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Jason Toews and fifi (the band)

SRL in SF, November 1995

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Our Second SRL Experience

By this time, we were probably on some kind of SRL mailing list, or maybe I was just monitoring their website on a daily basis, hoping for an announcement. Somehow, we were alerted to their next show, again in San Francisco.

SRL had gotten themselves some unwanted official attention since their last big show. As a result, the location of their upcoming show – to be titled “Crime Wave” – was a closely-guarded secret. No tickets would be sold in advance. All information would be revealed at the last possible moment, via a local San Francisco phone number with a recorded message.

I couldn’t really afford to go, but Eric had some frequent flyer miles saved up, so my wife’s protestations fell on deaf ears. Which might be one of many reasons I ended up divorced a couple of years later. In any case, we flew to SF, met up with some old school friends, and killed time (and spent money I didn’t have) until the vital info was released. Lucky for us, our friends were SF-savvy. After asking around and doing a little bit of recon work, we found the location of the SRL show several hours before it was announced. We hung around and took pictures until they shooed us away.

At the appointed time (or, given my OCD, perhaps just slightly *before* the appointed time), we returned to the show site, at the foot of the Bay Bridge. A parking lot had been rented for the night, but I am fairly certain that the lot owners had no idea what was about to happen. Let me list for you just a few of the things that we saw:

  • The “Street Sweeper”: A retrofitted armored car, with spinning, rocket-tipped helicopter blades mounted on the roof, which drove directly through the assembled crowd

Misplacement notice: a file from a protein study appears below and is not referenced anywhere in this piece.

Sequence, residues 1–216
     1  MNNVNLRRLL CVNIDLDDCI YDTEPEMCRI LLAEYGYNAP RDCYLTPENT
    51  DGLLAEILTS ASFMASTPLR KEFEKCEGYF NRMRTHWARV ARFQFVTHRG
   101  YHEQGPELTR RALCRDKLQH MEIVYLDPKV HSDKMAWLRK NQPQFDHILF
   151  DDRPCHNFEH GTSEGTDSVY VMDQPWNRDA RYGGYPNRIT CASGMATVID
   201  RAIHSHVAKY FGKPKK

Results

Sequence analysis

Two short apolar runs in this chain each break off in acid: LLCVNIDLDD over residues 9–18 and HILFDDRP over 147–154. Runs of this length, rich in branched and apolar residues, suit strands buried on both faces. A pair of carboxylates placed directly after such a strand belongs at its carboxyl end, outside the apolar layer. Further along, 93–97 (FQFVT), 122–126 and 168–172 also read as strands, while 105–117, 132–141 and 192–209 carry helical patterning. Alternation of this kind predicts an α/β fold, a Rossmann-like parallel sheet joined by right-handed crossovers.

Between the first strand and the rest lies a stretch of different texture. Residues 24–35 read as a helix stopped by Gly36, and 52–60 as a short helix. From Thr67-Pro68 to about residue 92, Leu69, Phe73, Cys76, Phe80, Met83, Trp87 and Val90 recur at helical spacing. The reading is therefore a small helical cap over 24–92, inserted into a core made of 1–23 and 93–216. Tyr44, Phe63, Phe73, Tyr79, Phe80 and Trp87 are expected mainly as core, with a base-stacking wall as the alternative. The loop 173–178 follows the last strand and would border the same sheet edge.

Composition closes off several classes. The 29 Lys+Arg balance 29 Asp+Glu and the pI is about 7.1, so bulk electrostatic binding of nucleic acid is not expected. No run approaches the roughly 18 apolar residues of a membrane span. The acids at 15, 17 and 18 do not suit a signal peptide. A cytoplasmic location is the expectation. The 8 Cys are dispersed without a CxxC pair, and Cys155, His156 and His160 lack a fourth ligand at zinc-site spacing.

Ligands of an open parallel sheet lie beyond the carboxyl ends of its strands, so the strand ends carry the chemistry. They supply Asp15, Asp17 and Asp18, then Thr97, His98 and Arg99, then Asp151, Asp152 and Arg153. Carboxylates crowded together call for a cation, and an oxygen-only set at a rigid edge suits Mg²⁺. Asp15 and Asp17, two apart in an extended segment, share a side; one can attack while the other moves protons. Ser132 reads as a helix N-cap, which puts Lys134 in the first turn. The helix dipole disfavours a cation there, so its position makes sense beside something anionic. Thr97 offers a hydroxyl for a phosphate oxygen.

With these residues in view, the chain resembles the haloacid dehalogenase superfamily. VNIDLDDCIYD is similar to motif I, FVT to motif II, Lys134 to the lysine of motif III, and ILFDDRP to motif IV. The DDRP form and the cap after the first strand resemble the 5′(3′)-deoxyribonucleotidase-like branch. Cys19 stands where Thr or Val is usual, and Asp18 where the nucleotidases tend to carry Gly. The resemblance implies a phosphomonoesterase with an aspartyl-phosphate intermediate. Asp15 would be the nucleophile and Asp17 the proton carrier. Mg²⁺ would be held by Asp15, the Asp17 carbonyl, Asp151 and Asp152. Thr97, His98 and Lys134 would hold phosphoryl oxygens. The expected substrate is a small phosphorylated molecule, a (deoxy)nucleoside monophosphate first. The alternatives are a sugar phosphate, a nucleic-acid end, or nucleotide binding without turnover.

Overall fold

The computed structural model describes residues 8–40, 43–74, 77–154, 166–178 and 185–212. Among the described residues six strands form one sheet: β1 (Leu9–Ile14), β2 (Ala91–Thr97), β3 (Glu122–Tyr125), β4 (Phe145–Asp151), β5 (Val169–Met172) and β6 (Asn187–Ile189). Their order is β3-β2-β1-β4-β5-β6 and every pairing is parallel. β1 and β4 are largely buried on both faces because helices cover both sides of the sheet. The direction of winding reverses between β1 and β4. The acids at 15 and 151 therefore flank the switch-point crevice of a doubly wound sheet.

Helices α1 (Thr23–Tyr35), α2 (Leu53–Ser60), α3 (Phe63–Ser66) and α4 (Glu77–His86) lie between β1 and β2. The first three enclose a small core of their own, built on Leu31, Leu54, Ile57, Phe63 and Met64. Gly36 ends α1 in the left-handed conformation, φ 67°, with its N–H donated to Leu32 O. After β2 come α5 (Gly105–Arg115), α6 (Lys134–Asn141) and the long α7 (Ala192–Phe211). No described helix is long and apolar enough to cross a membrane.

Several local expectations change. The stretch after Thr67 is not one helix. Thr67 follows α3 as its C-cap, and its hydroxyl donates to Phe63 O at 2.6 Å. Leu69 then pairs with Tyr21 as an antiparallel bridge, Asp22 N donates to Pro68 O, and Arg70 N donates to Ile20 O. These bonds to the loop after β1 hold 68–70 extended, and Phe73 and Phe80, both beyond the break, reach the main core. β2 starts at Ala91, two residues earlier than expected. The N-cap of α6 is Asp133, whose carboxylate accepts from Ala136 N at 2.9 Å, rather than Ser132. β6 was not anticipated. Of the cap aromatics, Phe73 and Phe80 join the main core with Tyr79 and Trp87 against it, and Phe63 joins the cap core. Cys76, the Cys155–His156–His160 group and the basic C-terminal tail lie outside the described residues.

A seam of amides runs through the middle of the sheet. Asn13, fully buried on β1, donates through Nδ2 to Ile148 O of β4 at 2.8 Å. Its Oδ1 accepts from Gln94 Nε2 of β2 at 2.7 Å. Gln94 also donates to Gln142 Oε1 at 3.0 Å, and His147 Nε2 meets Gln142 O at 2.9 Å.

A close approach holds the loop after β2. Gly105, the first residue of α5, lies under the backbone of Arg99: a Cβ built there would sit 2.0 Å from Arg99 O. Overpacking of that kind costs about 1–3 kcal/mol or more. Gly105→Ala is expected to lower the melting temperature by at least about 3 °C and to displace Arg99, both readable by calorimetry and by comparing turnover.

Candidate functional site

• A machine that produced a howling 20-foot high tornado of flame
  • A truck engine mounted on a trailer, with a 5-foot length of steel cable attached to the spinning driveshaft. You have no idea how loud, or how scary.
  • A mocked-up prison wall, with an animated silhouette – of a prisoner being sodomized, naturally – visible through the bars
  • A walking machine with a single mechanical arm that would randomly and violently stab outward with a bolted-on butcher knife
  • A life-size Unabomber mannequin overlooking the lot from a hill. Near the end of the show, it blew itself up.
  • A fully-operational trebuchet, which would launch gasoline-soaked, flaming bales of hay or, alternately, rusty iron spears, across the parking lot.

I should also mention that the parking lot was just across the street from some swanky-looking condos. Every time something blew up, you could see their windows vibrating. The hellish light of multiple, seemingly out-of-control fires was reflected on the faces of horrified condo occupants, standing on their balconies and angrily dialing 911.

After about a half hour of this, the fire department showed up and ordered SRL to shut everything down. Immediately. The police also appeared, strung “Crime Scene” tape around the whole block, and threatened to arrest anyone who didn’t disperse quietly. Mark Pauline, the creative head of SRL, was arrested, questioned about the Unabomber (?), and held for two days. SRL was fined and warned.

Amazingly, one year later, they did this.

We didn’t shoot any video this time, but SRL put together a nice official video (below), and we did, of course, take some pictures.

The Official SRL Video

Viewing the Gallery

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